Preserving the Faith...Through the Valley of the Shadow of Death
Sun Ok Lee had been a privileged member of the Communist Party with a high rank. She had devoted her life to the Party, loved her country and loved her Party. After refusing to give an officer more fabric than was his share, he had her arrested and imprisoned on false charges for revenge. She was tortured, beaten and after a year of such treatment finally signed the confession, attended her mock trial and was sentenced to thirteen years at a labor camp. She had lost her citizenship in North Korea, been expelled from the Communist Party and lost her rights as a human being. In fact, as she entered the labor camp a lieutenant advised her,
You are not a human being anymore. If you want to survive here, you'd better give up the idea that you are human."
Thus she began her thirteen year sentence as something less than human...a tailless animal.

Each chapter unfolds a new horror. Each page is difficult to turn. The affront to humanity is appalling. For me, the most horrifying was the treatment of pregnant mothers. Kim Il Sung had ordered that all anti-Communists be eliminated within three generations. So pregnant prisoners were injected with poison to force an abortion. The mothers then delivered their stillborn babies on a cold cement floor. They were beaten if they moaned or cried out. But sometimes, the babies were not dead. Sometimes they survived. And the prisoners were told,
Kill it! These criminals don't have any right to have babies. What are you doing? Kill it right now!
And the prisoners snapped the necks of the tiny babies, throwing their bodies in a basket. The mothers looked on helplessly. If they screamed, they were beaten. If they protested, they were sent to solitary confinement where prisoners often became paralyzed or died from the harsh treatment to already weakened bodies. They, and the life they bore, were worth less than dogs.

There are occasional glimmers of hope. In the prisoners with downcast eyes, never looking up, never speaking. And unlike the other prisoners, never blaming their shortcomings on other prisoners. In fact, they often bore the blame for mistakes they did not make and showed a willingness to die for one another that baffled Ms. Lee. They were imprisoned for their superstitions, and Ms. Lee could not understand who they saw in the empty heaven. Or why anyone would prefer such torture to denying their Lord. They received the worst treatment of all, including being trampled to death by other prisoners and having molten iron poured over their bodies. Their faith brought a question into Lee's heart,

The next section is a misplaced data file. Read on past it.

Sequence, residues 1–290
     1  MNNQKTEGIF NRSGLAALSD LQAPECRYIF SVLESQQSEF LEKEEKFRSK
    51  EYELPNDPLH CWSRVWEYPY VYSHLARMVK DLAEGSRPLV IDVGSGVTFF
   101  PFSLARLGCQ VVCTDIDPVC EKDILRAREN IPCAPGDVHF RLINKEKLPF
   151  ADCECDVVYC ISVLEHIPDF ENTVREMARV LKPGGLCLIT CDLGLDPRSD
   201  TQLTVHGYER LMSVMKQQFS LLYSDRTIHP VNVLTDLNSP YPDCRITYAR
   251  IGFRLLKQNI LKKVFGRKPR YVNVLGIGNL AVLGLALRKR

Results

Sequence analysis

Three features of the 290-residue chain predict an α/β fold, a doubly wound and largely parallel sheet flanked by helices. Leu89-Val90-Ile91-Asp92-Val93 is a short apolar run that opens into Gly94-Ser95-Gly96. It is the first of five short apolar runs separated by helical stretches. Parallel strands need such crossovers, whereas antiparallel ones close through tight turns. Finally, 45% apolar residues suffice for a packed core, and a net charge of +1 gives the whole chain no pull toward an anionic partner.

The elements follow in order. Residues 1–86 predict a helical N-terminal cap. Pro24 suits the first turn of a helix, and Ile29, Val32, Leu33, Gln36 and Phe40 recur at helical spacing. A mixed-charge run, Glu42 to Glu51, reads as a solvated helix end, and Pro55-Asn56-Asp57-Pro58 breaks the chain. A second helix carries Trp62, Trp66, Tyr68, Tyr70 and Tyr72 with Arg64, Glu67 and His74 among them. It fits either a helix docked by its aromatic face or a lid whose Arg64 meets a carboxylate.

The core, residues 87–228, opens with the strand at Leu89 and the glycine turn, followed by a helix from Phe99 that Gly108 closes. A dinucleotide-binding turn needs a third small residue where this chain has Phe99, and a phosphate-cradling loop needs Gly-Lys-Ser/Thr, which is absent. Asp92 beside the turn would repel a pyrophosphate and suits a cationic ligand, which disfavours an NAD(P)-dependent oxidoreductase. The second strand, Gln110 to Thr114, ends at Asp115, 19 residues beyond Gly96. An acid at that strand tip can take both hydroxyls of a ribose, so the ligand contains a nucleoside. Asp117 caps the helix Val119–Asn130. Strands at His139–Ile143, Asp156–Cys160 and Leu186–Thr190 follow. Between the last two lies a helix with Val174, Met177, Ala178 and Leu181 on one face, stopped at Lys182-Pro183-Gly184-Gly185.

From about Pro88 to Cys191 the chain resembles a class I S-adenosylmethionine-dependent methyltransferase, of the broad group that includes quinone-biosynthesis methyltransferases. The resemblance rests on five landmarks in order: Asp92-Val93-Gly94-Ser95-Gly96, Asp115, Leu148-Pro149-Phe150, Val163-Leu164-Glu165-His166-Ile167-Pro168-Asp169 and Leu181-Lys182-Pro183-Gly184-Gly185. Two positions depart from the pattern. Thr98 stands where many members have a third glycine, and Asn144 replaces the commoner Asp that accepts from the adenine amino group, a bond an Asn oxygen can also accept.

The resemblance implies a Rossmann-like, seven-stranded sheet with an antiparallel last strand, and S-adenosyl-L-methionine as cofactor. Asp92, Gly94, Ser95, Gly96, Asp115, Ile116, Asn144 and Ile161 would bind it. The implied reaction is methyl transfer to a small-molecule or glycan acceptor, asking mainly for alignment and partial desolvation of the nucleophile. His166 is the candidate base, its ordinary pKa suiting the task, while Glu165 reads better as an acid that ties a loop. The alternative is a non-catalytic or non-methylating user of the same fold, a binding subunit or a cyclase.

What did they see, and what am I missing?
After her release from prison and her flight to South Korea, she would find out. In December 1995, she arrived in South Korea with her adult son and was protected by the South Korean government. One day, an inspector came.
Today I would normally be in church, but I was assigned to talk to you. If you want to adjust quickly to living in South Korea by forgetting all your suffering, you should read this book.
And he gave her a bible. And began to sing Amazing Grace.

Not knowing how, Ms. Lee sang along. She did not know how she knew the tune and she was drawn to this book. Slowly, she began to remember things from when she was very young. When her mother and her friends closed the door to embroider and sing. They stayed all night, singing about going to heaven. She remembered these times and slowly began to realize her mother and grandmother had been Christian. They had hidden this from the world and even from her. She writes,
In North Korea, Christian parents do not tell their children about God because the Communists try to get children to report Christian parents to the Party. When the children go to school, the teachers ask them if their parents ever secretly read out of a black book. The children are promised honor if they report their parents. But when the children tell on their parents, the parents are taken away. Therefore, parents are very careful about what they tell their children.
But our God is a powerful God. More powerful than the North Korean government and more powerful than the hell of its prison camps. I cannot imagine the conflict Ms. Lee's mother and grandmother must have felt. But they did what they felt they could and God preserved her. And drew on those long-forgotten hymns to draw her to him.

You can read more of Soon Ok Lee's story here, from an interview with MSNBC.

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